It’s almost time to go back to camp. In order to provide campers and staff with safe and enjoyable camp experiences, camp leaders must understand how to recognize high-risk activities and how to implement abuse prevention best practices.
To begin evaluating your day camps and overnight camps – start with these eight key areas:
Abuse prevention best practices include always engaging in the “rule of three or more.” There should never be one adult alone with one youth. However, we recognize that sometimes one-on-one interactions are unavoidable. That’s why it’s important to train counselors on what to do if they find themselves in a one-on-one situation with a camper. Counselors should feel empowered to report one-on-one interactions.
Age of Counselors:
The age of counselors poses another risk. Just one year ago, your 18-year-old counselors were 17-year-old campers. Counselor training should help the staff establish boundaries when advancing from a camper to a counselor. Also, depending on the age of consent in your state, leadership must be aware of possible legal issues regarding relationships between counselors and campers.
Counselor-in-training programs can provide invaluable experiences for campers. However, it is paramount that these programs have structure. Counselors-in-training should never be put in charge of supervising youth and should never be in the bathrooms or changing areas at the same time as campers. Counselors-in-training can be used as the second set of eyes and ears to alert leadership of any issues.
Bathrooms and Showers:
Camp leaders often question whether counselors should be present in the locker or changing rooms in order to prevent youth-to-youth abuse. The best way to manage abuse risk in this situation is to have the counselors stand close enough to the changing area or shower to hear what is going on, but not be directly inside this area. In addition, counselors should shower at different times than campers.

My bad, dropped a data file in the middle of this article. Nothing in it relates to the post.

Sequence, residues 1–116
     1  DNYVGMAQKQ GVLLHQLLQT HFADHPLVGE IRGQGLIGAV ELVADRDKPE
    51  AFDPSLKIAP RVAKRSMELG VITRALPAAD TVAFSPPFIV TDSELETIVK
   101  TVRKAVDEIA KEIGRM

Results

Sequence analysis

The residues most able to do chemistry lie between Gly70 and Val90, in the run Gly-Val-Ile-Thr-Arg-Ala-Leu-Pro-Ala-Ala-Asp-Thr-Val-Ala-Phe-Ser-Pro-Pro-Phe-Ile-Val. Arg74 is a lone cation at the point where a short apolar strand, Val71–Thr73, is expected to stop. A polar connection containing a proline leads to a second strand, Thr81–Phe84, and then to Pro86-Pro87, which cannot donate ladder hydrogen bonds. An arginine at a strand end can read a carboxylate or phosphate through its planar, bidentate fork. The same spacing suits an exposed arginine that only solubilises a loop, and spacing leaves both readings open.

Transitions and Free Times:
During transition and free times, counselors are often instructed to “watch everyone.” However, this instruction can result in “no one watching anyone.” When campers rotate between activities, staff should be assigned to certain areas or activities or campers to ensure that campers are going to the proper locations. Staff should monitor where campers are supposed to go and confirm they arrive on time with attendance checks at the beginnings of activities. Also, escorting kids in groups minimizes risk.
Without proper policies and guidelines, overnight stays become high-risk activities. Day camps that have overnight sessions or overnight camping trips away from the cabin can lead to potential abuse exposure for camps. Ensure overnight policies address where counselors sleep, how long counselors should remain awake, and the sleeping arrangements for campers. Be sure to include bathroom procedures as well.
Within cabins, counselors beds should be positioned to minimize potential abuse risks. Do not let campers or counselors sit or sleep in anyone else’s bed or sleeping bags. Additionally, ensure counselors continue to monitor cabins after campers should be asleep.
Transportation poses a potential risk for camps, especially when it includes campers of different age groups. When transporting campers, separate campers by age groups In addition, the strategic placement of counselors can help minimize abuse risks. Capacity permitting, counselors should sit alone and at least one counselor should sit in the back watching the entire group.
Identifying and addressing these different high-risk activities can help leadership foster a culture of safety and ensure that campers and counselors have a wonderful camp experience.